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UK Sports: O Captain! My Captain! A consideration of the Premier League Rules on captaincy

During the recent UK Premier League match between Arsenal and Manchester City, Laurent Koscielny, the Arsenal centre-back, was substituted at half-time. Following the match, Arsène Wenger, the Arsenal manager, revealed that the reason for the substitution was a recurrence of an old Achilles problemthat had flared up while Koscielny was on international duty with France.  Wenger said that Koscielny had wanted to play and stay on but that he could not.

Despite Koscielny’s absence, Arsenal battled back to draw the match 2–2, keeping them in the hunt for a top-four finish in the Premier League.  That Arsenal managed to draw the game without Koscielny’s experience was impressive but for them to have done so without a captain was even more so.

During the first-half of the match, Koscielny had worn the Arsenal captain’s armband in the absence of injured club captain Per Mertesacker.  However, following Koscielny’s substitution, none of the other Arsenal players assumed the mantle and wore the captain’s armband in Koscielny’s place.

When asked about this omission, Wenger said that he could not remember who was Arsenal’s designated captain in Koscielny’s absence. Wenger reportedly stated that he had not elected a replacement at half-time:

“No, it is a good question. Nobody asked me who is captain.”

This might seem like a rather odd mistake.  One would expect the selection of a captain to have been something that would have been picked up by Wenger, his support staff and/or the Arsenal players, following Koscielny’s substitution.  Given Arsenal were losing 2-1 at the break, one might have expected that strong leadership would have been high among Wenger’s priorities. Yet this is likely over-analysing what was likely a simple mistake.  This was a vital moment in the club’s season.  The requirement to substitute Koscielny may have taken Wenger by surprise. In the ensuing tactical reshuffle, the decision to elect a captain may have simply fallen between the cracks.

In any event, the failure to replace Koscielny with a replacement captain appears not to have had any detrimental effect on the Arsenal side, who went on to level the score at 2-2 in the second-half, earning a valuable point against their top-four rivals.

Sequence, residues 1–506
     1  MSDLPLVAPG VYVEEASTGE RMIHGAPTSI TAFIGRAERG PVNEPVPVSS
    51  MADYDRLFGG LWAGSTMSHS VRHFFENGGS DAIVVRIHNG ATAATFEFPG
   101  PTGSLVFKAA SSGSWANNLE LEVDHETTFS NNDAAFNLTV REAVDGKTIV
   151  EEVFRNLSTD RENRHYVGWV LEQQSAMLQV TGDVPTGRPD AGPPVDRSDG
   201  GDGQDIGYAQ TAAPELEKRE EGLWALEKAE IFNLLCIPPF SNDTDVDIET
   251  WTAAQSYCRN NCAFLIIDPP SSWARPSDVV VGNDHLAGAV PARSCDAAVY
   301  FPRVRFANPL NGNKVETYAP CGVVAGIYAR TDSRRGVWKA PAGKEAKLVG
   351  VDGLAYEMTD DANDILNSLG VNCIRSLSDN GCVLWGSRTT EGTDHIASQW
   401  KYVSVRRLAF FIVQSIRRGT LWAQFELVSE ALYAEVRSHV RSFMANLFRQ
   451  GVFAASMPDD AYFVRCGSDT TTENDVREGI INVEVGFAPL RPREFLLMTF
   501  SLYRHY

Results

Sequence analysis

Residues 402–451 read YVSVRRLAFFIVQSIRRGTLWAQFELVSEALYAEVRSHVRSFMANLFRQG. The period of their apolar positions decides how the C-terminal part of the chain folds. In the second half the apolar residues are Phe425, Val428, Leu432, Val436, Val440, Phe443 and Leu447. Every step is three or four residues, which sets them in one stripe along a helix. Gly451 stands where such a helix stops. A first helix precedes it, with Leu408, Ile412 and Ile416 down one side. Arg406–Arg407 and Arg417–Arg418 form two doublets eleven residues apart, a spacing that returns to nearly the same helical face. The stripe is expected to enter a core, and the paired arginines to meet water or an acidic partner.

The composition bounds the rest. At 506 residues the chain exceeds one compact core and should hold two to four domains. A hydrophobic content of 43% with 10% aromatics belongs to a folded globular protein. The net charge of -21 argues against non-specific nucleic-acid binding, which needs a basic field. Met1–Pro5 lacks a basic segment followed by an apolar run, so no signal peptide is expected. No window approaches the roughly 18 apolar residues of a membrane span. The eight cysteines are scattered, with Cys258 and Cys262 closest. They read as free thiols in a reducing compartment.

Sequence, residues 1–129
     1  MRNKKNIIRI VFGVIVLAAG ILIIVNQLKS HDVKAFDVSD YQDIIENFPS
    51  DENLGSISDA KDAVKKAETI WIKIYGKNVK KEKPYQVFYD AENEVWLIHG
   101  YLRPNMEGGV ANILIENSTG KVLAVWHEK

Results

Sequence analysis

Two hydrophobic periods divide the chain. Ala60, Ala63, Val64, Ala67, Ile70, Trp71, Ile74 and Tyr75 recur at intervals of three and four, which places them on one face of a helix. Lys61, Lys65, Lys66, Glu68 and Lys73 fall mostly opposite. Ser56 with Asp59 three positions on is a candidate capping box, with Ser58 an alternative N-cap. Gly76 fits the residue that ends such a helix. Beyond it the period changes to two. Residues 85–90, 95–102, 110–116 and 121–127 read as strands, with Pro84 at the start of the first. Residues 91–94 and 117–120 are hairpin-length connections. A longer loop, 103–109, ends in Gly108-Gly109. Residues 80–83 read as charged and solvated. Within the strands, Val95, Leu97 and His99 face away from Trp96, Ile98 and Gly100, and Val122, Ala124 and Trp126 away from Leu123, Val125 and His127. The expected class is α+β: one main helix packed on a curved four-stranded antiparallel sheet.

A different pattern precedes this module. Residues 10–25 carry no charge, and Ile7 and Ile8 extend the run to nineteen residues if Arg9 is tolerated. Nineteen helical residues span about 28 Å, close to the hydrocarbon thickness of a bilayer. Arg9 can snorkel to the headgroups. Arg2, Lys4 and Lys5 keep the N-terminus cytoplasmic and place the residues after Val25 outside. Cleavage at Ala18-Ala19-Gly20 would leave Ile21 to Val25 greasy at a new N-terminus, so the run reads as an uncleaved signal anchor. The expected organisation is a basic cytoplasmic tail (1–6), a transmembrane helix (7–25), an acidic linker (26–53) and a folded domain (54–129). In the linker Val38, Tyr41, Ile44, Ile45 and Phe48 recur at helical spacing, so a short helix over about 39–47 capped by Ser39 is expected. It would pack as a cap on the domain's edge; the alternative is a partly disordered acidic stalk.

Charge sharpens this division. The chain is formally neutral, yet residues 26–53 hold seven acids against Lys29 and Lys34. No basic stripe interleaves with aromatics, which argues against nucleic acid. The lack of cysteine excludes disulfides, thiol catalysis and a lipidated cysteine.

Yet this may not be the end of the issue.  The failure to elect a captain for the second-half of the match may technically have constituted a breach of the Premier League Rules.  Rule M.11 states that:

“The captain of each team appearing in a League Match shall wear an armband provided by the League indicating his status as such.”

Consequences of breach

In the scheme of things, the contravention of Rule M.11 may not be considered to be the most egregious of breaches of the Premier League Rules.  That is reflected in the range of possible sanctions available to the Premier League in the event of non-compliance.  Rule M.12 of the Premier League Rules states as follows:

“Any Club acting in breach of any of Rules M.1 to M.11 inclusive will be liable to pay to the League a fixed penalty of £300 for a first breach, £600 for a second breach and £1,200 for a third breach.  Any subsequent breach may be dealt under the provisions of Section W of these Rules (Disciplinary).”

It has been reported that the Premier League is expected to forego a fine on this occasion and that it will simply remind Arsenal of its duties.  Even if the Premier League decided to enforce Rule M.12, Arsenal would have no difficulty in finding the £300 that constitutes the sanction for a first breach of Rule M.11.  This reflects the Premier League’s view on the seriousness of non-compliance.

In view of the relatively inconsequential sanctions that may be imposed in the case of a breach, the question then is why the Premier League has introduced such a rule in the first place.  On this topic, the Premier League Rules are silent.

It is likely that the reason for the rule is to ensure that each side has an elected captain who can be the team’s mouthpiece when communicating with the referee in respect of contentious issues.  During the Arsenal v Manchester City match, there were no such contentious moments in the second half and, as a result, the lack of a captain was not exposed.

While Captain-gate may not be the biggest failure of Arsenal’s season, it is one that Arsenal fans would no doubt prefer not to see repeated.  What is clear is that they will be keen to see the return of a fit Laurent Koscielny as soon as possible, armband or no armband.

© Copyright 2017 Squire Patton Boggs (US) LLP

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About this Author

Thomas Lloyd, Squire Patton Boggs Law Firm, Sports and Litigation Attorney
Associate

Lloyd Thomas is an associate in the Litigation department and is part of the Sports Law team based in our London office.

Lloyd provides a range of contentious and regulatory advice to a number of leading sports clubs, individuals and national governing bodies on a variety of issues. As part of such advice, Lloyd regularly assists in proceedings brought before the FIFA Dispute Resolution Chamber and the Court of Arbitration for Sport.

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